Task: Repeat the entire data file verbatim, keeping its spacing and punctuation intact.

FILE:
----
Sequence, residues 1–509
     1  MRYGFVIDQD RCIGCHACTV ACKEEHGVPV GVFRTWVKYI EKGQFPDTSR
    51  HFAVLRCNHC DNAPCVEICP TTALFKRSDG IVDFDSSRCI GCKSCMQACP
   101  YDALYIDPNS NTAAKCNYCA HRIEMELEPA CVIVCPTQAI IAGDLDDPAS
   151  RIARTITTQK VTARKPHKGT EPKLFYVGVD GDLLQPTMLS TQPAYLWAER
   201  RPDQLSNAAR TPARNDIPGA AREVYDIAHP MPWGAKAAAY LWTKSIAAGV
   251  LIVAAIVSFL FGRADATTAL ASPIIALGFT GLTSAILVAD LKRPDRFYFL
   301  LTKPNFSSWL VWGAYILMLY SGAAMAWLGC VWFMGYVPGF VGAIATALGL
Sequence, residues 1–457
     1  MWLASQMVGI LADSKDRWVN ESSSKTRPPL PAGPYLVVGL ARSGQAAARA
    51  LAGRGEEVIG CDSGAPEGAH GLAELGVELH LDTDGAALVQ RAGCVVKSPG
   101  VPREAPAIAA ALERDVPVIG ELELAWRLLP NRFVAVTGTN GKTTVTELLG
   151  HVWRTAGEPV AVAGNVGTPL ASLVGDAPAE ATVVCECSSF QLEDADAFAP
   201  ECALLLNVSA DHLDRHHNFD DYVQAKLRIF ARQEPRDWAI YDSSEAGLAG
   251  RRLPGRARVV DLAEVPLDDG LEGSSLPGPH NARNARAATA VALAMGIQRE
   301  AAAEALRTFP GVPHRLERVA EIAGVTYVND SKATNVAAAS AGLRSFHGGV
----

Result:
Sequence, residues 1–509
     1  MRYGFVIDQD RCIGCHACTV ACKEEHGVPV GVFRTWVKYI EKGQFPDTSR
    51  HFAVLRCNHC DNAPCVEICP TTALFKRSDG IVDFDSSRCI GCKSCMQACP
   101  YDALYIDPNS NTAAKCNYCA HRIEMELEPA CVIVCPTQAI IAGDLDDPAS
   151  RIARTITTQK VTARKPHKGT EPKLFYVGVD GDLLQPTMLS TQPAYLWAER
   201  RPDQLSNAAR TPARNDIPGA AREVYDIAHP MPWGAKAAAY LWTKSIAAGV
   251  LIVAAIVSFL FGRADATTAL ASPIIALGFT GLTSAILVAD LKRPDRFYFL
   301  LTKPNFSSWL VWGAYILMLY SGAAMAWLGC VWFMGYVPGF VGAIATALGL
Sequence, residues 1–457
     1  MWLASQMVGI LADSKDRWVN ESSSKTRPPL PAGPYLVVGL ARSGQAAARA
    51  LAGRGEEVIG CDSGAPEGAH GLAELGVELH LDTDGAALVQ RAGCVVKSPG
   101  VPREAPAIAA ALERDVPVIG ELELAWRLLP NRFVAVTGTN GKTTVTELLG
   151  HVWRTAGEPV AVAGNVGTPL ASLVGDAPAE ATVVCECSSF QLEDADAFAP
   201  ECALLLNVSA DHLDRHHNFD DYVQAKLRIF ARQEPRDWAI YDSSEAGLAG
   251  RRLPGRARVV DLAEVPLDDG LEGSSLPGPH NARNARAATA VALAMGIQRE
   301  AAAEALRTFP GVPHRLERVA EIAGVTYVND SKATNVAAAS AGLRSFHGGV